Saturday, December 20, 2014

Anemia - Risk Factors

Not all chronic diseases involve the inflammatory process and anemia. For example, high blood pressure is a chronic disease, but it does not affect red blood cells.

Treatment-Related Anemia

Treatment-related anemia results from the therapies used to treat conditions. For example, anemia is a common side effect of cancer treatments. Chemotherapy and radiation can impair the bone marrow's production of red blood cells and contribute to the extreme fatigue that many patients experience during cancer therapy. Patients with hepatitis C frequently receive combination therapy of ribavirin and interferon; ribavirin can induce anemia. Hepatitis C also affects many patients with HIV or AIDS. In addition to ribavirin, patients with HIV or AIDS can develop anemia as a result of highly active anti-retroviral therapy (HAART) and, in particular, from the drug AZT.

Other medications that increase the risk for anemia are certain antibiotics, some antiseizure medications (phenytoin), immunosuppressive drugs (methotrexate, azathioprine), antiarrhythmic drugs (procainamide, quinidine), and anti-clotting drugs (aspirin, warfarin, clopidogrel, heparin).

Megaloblastic Anemia

Megaloblastic anemia results from deficiencies in the B vitamins folate or vitamin B12 (also called cobalamin). Such deficiencies produce abnormally large (megaloblastic) red blood cells that have a shortened lifespan. Neurologic problems may be associated with vitamin B12 deficiency.

Megaloblastic anemia - view of red blood cells Click the icon to see an image of red blood cells seen in megaloblastic anemia.

Causes of Vitamin B12 Deficiency. Conditions that cause vitamin B12 deficiencies include:

  • Vitamin B12 deficiency from diet is very rare, because the liver stores over a 3-year supply. It usually does not occur even in alcoholism, strict vegetarianism, or in malnourished people with kidney failure or cancer. Since animal products are the chief source, however, true vegan vegetarians may need a supplement, fortified food, or appropriate food selection known to contain adequate amounts of this vitamin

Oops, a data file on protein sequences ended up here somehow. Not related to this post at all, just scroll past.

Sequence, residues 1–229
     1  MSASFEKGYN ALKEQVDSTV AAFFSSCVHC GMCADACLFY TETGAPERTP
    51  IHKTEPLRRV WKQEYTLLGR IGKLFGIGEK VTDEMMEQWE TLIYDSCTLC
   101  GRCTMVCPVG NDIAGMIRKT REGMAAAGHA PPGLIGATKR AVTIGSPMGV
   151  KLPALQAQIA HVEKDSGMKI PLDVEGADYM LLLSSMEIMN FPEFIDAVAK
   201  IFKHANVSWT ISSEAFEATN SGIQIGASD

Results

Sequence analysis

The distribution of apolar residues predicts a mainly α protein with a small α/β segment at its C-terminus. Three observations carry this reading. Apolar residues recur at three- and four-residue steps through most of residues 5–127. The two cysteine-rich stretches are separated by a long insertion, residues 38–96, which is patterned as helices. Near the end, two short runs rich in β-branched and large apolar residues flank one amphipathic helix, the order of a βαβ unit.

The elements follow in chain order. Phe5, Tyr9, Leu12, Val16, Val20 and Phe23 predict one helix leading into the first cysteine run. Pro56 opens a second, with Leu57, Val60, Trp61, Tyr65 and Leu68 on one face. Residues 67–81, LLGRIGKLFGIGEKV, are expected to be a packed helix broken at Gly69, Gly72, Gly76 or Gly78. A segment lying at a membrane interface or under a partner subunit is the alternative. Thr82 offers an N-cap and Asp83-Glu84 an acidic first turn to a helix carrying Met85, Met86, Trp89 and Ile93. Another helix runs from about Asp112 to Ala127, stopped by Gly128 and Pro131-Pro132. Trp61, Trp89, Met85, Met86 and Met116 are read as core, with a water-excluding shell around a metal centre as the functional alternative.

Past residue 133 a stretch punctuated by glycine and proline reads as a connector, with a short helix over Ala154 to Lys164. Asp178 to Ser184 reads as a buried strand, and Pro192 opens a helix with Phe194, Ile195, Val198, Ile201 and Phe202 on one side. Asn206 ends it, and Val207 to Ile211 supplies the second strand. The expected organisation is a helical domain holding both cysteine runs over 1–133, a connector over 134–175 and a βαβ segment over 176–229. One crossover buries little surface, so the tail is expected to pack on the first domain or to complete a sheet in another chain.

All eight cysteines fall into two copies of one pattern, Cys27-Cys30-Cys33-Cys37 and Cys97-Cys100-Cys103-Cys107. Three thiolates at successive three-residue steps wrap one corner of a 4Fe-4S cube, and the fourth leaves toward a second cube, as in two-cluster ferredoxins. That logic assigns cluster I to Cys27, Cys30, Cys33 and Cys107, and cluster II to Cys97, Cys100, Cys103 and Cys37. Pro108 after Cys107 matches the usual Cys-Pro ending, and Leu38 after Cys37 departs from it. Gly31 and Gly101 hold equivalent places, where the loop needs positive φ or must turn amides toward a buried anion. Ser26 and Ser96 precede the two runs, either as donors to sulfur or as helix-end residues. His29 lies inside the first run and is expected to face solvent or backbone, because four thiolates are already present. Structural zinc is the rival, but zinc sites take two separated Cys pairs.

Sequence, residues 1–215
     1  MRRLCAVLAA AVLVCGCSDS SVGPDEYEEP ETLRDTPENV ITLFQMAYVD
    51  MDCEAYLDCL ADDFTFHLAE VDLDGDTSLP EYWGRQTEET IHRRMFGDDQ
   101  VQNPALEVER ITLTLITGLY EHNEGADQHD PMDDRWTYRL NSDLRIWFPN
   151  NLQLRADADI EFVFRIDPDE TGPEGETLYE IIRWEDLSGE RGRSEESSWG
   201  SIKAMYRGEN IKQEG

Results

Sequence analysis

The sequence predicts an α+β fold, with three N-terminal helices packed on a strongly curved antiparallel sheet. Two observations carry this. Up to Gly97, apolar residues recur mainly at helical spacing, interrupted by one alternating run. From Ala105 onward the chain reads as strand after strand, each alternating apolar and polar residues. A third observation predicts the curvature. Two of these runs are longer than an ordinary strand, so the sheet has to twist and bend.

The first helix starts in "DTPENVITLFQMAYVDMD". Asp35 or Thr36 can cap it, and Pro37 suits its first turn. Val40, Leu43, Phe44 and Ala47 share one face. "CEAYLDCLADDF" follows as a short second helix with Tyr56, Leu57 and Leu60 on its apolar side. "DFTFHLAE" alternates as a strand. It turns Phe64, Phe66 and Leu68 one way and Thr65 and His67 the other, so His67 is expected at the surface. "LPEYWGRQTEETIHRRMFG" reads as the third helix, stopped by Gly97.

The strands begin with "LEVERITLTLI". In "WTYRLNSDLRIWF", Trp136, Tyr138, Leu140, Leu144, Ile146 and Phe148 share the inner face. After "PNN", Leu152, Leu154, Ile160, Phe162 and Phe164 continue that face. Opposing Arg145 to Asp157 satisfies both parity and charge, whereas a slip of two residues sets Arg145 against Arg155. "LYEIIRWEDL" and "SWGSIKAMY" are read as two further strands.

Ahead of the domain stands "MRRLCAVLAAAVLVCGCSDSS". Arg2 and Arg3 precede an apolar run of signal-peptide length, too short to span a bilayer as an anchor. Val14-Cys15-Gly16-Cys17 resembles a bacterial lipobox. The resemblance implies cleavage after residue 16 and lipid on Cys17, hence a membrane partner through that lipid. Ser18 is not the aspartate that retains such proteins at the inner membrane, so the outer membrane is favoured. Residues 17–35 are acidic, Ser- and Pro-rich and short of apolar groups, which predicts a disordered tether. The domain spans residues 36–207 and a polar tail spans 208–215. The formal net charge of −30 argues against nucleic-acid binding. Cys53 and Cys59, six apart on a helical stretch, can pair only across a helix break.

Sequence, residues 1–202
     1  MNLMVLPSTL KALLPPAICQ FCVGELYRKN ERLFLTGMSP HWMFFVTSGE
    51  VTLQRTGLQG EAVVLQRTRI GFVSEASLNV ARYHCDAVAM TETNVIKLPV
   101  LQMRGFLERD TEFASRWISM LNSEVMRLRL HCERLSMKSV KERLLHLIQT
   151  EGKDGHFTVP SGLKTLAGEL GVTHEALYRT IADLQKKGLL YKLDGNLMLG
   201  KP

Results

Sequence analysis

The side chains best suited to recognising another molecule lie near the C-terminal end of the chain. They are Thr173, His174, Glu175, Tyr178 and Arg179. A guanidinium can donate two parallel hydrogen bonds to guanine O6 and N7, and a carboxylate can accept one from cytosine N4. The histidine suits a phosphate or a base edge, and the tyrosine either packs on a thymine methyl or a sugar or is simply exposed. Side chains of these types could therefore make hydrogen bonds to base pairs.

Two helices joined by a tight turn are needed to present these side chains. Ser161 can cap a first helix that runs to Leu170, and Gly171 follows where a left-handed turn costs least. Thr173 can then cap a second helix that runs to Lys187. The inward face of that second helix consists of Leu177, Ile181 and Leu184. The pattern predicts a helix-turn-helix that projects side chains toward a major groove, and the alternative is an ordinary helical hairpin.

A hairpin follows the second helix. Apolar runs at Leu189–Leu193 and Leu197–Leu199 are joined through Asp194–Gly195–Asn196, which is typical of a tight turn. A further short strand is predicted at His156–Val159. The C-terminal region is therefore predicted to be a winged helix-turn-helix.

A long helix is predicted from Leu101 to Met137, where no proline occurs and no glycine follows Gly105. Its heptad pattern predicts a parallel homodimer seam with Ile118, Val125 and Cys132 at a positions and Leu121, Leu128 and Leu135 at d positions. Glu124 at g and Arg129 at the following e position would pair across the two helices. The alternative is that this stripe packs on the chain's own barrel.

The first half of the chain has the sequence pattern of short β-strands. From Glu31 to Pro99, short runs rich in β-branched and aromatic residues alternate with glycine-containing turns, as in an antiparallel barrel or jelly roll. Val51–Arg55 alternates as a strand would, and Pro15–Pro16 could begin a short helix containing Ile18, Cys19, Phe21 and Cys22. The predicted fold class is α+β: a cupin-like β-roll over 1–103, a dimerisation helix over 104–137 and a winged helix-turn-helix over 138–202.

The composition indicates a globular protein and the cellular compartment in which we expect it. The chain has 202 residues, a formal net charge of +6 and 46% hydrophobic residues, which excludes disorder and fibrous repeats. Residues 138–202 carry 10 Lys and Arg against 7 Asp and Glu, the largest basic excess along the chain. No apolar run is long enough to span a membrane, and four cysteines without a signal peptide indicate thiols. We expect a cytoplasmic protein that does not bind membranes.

• Pernicious anemia. Pernicious anemia is an autoimmune disease in which antibodies are tricked into attacking stomach cells. This results in impaired production of intrinsic factor (IF), a compound that is critical for absorption of vitamin B12. Pernicious anemia is diagnosed in about 1% of people over age 60, with women having a higher risk than men.
  • Complications of gastrointestinal surgery. Surgeries such as stomach bypass or stapling, which remove part or all of the stomach, pose a risk of causing vitamin B12 deficiencies.
  • Overgrowth of intestinal bacteria
  • Tropical sprue (an acquired malabsorption disease occurring in tropical climates)

Review Date: 01/13/2011
Reviewed By: Harvey Simon, MD, Editor-in-Chief, Associate Professor of Medicine, Harvard Medical School; Physician, Massachusetts General Hospital. Also reviewed by David Zieve, MD, MHA, Medical Director, A.D.A.M., Inc.

A.D.A.M., Inc. is accredited by URAC, also known as the American Accreditation HealthCare Commission (www.urac.org)